Find the problem, and present the solution
This is the heart of a strong value proposition. Weak efforts will often list features, throwing out impressive-sounding stats, figures and dimensions in an effort to showcase objective quality — but objective quality is a means to an end, not an end in itself. We buy high-quality things because of what they can do, or what they can bring to our lives.
Advertisers have long understood the format of describing the prospective customer’s problem before swooping in to save the day with the solution. A cleaning-product service might well go with something akin to “Sick of dealing with dirty windows? Hate paying for a cleaner to come sort them out? Our new Wind-Clean Spray makes window dirt a thing of the past, and takes seconds to apply — no cleaner needed.”
This approach is far superior to listing the size of the bottle, the weight of the contents, and all the safety bodies that have approved it. You should still include that information, just not in the value proposition. Think about the formatting of a single-page product description, cut into panels with each one featuring content that suits the vertical position: you start with a hook, segue into the most compelling copy, then provide the dry details at the bottom of the page so the readers not yet convinced are rewarded for continuing to scroll down.
Tie it into a clear brand identity
To add some force to the solution you’re presenting, attach it to a simple brand identity — something straightforward that you can meaningfully commit to. Let’s take a classic example in the form of consumer electronics titan Apple. Apple set itself apart as the champion of user-friendly designs (however much it failed to live up to that over the years), top-quality hardware, and beautiful aesthetics. Every product it makes is related to that identity, and you can see it from every Apple product page out there.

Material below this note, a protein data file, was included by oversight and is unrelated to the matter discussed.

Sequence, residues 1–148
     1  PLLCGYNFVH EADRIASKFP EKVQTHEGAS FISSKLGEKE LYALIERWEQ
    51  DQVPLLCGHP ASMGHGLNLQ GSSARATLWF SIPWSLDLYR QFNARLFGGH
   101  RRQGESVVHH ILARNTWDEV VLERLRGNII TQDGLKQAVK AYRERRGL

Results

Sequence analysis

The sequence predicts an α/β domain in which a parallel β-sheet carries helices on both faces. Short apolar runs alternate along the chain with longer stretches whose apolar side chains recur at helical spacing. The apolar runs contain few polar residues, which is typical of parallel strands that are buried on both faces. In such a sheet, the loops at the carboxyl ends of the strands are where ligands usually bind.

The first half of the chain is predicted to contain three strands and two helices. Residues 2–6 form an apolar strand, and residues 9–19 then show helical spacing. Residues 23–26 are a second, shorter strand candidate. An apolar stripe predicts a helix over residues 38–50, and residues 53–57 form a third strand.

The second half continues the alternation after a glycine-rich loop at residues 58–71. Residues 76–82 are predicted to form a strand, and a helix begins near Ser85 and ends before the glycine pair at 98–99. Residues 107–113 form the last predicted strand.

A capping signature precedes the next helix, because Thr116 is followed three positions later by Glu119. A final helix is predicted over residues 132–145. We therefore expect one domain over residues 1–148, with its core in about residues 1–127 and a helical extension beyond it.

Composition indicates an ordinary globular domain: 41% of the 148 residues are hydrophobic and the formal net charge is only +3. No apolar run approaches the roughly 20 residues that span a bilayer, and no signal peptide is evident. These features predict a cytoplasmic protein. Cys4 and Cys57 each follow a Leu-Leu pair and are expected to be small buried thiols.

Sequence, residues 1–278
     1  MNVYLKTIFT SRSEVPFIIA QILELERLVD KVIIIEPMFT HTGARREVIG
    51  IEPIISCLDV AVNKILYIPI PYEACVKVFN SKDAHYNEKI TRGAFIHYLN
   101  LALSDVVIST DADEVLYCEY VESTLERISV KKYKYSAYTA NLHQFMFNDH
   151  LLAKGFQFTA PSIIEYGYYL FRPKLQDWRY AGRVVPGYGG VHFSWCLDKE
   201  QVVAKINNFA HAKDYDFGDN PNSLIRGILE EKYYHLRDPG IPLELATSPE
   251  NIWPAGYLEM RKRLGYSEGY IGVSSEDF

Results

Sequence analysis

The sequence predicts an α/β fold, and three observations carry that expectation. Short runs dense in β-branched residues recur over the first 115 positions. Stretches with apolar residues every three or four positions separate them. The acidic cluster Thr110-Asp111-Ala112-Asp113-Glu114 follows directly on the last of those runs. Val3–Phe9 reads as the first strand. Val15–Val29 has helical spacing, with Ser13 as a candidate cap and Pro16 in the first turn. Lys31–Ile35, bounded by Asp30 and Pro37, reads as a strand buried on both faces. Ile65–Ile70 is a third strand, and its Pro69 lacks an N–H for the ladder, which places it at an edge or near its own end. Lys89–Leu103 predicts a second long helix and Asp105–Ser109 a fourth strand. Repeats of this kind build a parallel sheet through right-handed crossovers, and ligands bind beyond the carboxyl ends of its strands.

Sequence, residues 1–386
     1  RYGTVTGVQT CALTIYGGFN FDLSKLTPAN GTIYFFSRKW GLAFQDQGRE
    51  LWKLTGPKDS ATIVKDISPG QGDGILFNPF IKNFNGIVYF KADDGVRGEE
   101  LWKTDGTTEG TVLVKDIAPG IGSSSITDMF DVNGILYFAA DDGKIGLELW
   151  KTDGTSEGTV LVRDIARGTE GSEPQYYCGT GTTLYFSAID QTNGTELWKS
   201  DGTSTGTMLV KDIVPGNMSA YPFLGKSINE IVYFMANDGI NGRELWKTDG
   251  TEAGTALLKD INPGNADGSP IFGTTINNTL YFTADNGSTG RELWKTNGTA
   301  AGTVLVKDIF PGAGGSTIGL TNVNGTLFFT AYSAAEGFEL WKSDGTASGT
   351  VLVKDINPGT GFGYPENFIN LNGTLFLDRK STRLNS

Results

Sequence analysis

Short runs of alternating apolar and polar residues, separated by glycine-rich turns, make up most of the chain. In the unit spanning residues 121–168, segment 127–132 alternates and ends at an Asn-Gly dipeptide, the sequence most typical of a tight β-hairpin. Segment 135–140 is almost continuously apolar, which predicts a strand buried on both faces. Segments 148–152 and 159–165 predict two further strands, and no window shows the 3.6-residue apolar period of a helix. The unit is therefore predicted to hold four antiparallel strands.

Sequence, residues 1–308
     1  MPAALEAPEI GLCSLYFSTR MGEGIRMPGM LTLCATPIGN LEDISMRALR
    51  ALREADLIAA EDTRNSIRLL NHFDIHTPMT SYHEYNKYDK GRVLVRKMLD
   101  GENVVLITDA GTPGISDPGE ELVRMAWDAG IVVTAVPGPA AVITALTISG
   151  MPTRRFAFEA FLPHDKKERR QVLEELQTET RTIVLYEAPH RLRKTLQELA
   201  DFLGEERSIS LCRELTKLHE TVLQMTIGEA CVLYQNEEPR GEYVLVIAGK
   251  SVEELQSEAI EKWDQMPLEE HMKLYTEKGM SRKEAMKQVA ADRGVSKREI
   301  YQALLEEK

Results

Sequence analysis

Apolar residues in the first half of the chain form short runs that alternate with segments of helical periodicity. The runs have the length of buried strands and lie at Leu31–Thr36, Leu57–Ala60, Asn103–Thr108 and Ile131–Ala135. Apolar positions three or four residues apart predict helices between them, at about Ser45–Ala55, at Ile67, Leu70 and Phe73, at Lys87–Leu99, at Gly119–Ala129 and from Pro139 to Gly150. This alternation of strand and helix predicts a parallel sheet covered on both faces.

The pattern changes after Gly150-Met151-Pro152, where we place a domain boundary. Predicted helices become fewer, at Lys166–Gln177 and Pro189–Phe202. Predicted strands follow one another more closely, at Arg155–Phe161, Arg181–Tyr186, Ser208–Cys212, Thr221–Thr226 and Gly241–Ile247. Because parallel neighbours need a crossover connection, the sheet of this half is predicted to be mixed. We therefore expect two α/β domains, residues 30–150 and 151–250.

You won’t, of course, have the brand recognition of Apple, but you can ensure that every one of your value propositions falls in line with everything you say on your website and your social media profiles. If you’re all about the finer things in life, then show it consistently. If your goal is to make life easier, then emphasize that element of every product you sell.
The more your company actually seems to be invested in the presented goals of its products, the more convincing those goals will be — and the more willing people will be to believe that what you’re offering can indeed solve their problems. If you do an exceptional job of establishing your brand identity, you’ll find that customers will even start recommending you unprompted — this is key for fighting the churn, a vital process with customer retention rapidly rising in value.
Showcase items in the most positive light
Presentation is a part of pitching a product that mustn’t be underestimated. After all, value is communicated through more than text — the visuals you use will hugely affect how a product comes across. Do you have blurry low-resolution images with poor cropping? Or do you have glossy well-lit in-situ product photos that look sharp on even the biggest screens?